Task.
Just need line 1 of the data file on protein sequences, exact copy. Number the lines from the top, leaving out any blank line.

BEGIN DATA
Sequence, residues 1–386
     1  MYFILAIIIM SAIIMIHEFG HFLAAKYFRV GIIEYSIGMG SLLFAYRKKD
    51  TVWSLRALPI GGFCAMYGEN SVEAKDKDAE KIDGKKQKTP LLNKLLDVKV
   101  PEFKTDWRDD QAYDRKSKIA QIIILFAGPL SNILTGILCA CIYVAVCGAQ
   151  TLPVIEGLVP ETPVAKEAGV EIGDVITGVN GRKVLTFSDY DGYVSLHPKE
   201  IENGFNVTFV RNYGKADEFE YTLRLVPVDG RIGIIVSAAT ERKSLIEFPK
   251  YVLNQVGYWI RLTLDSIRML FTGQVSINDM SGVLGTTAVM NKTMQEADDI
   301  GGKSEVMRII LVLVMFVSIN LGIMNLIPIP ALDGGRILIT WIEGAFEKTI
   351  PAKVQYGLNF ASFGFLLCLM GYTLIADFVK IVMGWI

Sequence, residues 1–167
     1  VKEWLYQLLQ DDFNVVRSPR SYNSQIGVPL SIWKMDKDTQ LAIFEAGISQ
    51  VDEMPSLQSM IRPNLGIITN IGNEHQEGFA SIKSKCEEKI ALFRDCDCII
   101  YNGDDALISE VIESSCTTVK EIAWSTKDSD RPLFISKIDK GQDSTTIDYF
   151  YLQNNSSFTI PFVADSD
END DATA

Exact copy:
Sequence, residues 1–386